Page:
Napa is fairly small; in comparison to Sonoma, it only runs “34 miles north and west,” according to Tom Stevenson. Its vineyards run almost completely north to south down the backbone of the valley. Despite its small size, Napa devotes just over 400 acres to the vine. Sonoma is almost twice the size of Napa and has well over 400 acres planted with vineyards.
Sonoma’s strength as mentioned earlier lays in her sub regions (known as AVAs for the sake of this essay) that display an alarming array of microclimates. The existence of these microclimates allows producers to successfully grow and make quality Pinot Noir and Chardonnay, in addition to Cabernet Sauvignon, Merlot, and Zinfandel. There exist warm and dry sub regions such as the Dry Creek Valley, Knights Valley (in reality simply a climatic and geographic extension of Napa Valley), in addition to cool and damp climates such as the Russian River Valley and its sub region, Chalk Hill. Ocean breeze and fog help cool the latter two regions enabling Sonoma winemakers to produce great examples of the finicky Pinot Noir. Knights Valley because of its soil, which is both rocky and gravelly, and warm climate, is perfect for raising quality Cabernet. Sonoma County Green Valley and Los Carneros (a sub region shared with its rival, Napa) are ideal for producing quality fruit for sparkling wines. Sonoma Valley, while ideal for Cabernet, is also well-suited to Zinfandel because of her dry and warm conditions and her ability to ward off fog that would create a mold and rot problem for Zinfandel.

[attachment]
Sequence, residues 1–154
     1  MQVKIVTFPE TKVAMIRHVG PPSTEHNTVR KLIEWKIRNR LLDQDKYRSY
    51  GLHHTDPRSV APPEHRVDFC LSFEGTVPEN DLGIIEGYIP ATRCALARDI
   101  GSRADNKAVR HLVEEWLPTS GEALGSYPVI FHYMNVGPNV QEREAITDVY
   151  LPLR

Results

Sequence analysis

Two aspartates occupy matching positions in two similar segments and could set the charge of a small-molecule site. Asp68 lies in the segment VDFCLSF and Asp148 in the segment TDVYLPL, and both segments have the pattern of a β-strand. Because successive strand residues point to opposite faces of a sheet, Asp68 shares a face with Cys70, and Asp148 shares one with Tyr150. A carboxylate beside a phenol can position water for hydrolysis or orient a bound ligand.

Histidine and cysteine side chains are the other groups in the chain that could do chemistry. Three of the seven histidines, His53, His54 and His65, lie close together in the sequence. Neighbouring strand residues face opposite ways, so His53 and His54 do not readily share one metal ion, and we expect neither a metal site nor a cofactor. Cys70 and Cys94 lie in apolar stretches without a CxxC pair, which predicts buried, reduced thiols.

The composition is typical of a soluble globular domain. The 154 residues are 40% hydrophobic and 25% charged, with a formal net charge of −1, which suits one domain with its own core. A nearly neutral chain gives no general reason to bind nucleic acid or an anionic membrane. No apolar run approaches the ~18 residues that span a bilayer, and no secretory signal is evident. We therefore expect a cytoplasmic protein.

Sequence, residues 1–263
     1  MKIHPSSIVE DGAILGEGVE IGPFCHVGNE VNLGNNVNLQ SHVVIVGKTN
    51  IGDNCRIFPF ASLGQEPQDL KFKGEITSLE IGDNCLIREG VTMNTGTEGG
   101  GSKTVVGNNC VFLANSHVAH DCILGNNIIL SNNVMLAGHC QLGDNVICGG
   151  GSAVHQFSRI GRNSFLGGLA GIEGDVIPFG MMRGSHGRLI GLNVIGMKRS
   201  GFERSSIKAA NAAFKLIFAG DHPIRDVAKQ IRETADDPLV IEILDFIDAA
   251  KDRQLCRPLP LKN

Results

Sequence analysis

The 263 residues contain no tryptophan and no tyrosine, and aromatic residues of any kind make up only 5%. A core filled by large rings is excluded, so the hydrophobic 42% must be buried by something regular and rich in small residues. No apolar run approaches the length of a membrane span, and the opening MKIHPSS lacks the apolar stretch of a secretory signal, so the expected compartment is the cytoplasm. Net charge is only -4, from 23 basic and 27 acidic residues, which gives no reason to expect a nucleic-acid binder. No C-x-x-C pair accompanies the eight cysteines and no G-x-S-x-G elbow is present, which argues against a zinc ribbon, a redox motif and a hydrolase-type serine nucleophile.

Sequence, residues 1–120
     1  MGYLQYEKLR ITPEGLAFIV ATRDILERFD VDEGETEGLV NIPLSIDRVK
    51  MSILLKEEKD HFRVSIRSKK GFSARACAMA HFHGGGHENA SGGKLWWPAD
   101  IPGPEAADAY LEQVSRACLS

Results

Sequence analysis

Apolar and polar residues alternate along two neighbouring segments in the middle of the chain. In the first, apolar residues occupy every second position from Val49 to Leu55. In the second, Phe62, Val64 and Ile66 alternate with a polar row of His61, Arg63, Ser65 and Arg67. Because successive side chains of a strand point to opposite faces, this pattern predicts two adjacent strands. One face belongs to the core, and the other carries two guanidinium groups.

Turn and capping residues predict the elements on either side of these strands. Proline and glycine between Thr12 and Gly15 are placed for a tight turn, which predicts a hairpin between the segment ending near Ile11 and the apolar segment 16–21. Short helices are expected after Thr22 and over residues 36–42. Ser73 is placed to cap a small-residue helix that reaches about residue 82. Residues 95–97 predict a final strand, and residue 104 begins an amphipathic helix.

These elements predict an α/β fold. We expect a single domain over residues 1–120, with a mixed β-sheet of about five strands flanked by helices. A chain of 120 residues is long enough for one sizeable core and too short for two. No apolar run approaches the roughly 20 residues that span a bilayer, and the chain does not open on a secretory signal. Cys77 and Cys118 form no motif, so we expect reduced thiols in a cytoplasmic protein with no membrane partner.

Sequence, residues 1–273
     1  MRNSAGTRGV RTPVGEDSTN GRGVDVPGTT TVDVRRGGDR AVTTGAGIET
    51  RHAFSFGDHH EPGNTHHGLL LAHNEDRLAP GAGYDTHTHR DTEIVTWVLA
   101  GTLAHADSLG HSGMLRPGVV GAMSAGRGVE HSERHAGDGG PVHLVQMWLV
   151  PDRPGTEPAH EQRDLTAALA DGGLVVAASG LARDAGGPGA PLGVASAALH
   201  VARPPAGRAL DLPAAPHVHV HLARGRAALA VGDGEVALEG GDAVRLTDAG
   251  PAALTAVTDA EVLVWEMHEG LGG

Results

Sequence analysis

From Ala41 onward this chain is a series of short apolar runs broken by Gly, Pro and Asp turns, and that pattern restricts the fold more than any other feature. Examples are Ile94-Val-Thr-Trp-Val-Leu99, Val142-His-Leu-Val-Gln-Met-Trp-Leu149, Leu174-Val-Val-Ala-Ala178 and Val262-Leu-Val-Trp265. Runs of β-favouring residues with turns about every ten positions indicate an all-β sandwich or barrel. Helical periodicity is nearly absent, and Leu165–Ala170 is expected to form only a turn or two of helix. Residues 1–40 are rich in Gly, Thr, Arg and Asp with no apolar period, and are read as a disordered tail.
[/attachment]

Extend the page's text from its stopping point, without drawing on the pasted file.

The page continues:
Napa’s climatic and geographic strength is her progression of cool and damp conditions in the south to hot and dry conditions in the north with a plethora of soil types from gravel and low fertility in the north to clay and silt in the south. While she does not have Sonoma’s diversity in microclimates, Napa does have good range of soils and elevation that positively affects the fruit she produces. Like in Sonoma, Los Carneros allows for sparkling wine production, while Howell Mountain, Oakville, and Rutherford all produce most of the regions award-winning and high-class Cabernets. Napa Cabernet, after all, is what made this US region so famous. Both regions are clearly blessed with natural conditions and topography that allow for certain varietals to thrive, with this in mind let me move forward to the issue of varietals.
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Perhaps becoming an expert in international wines is just the thing we need for Public Policy…it’s the ‘relax and share’ model.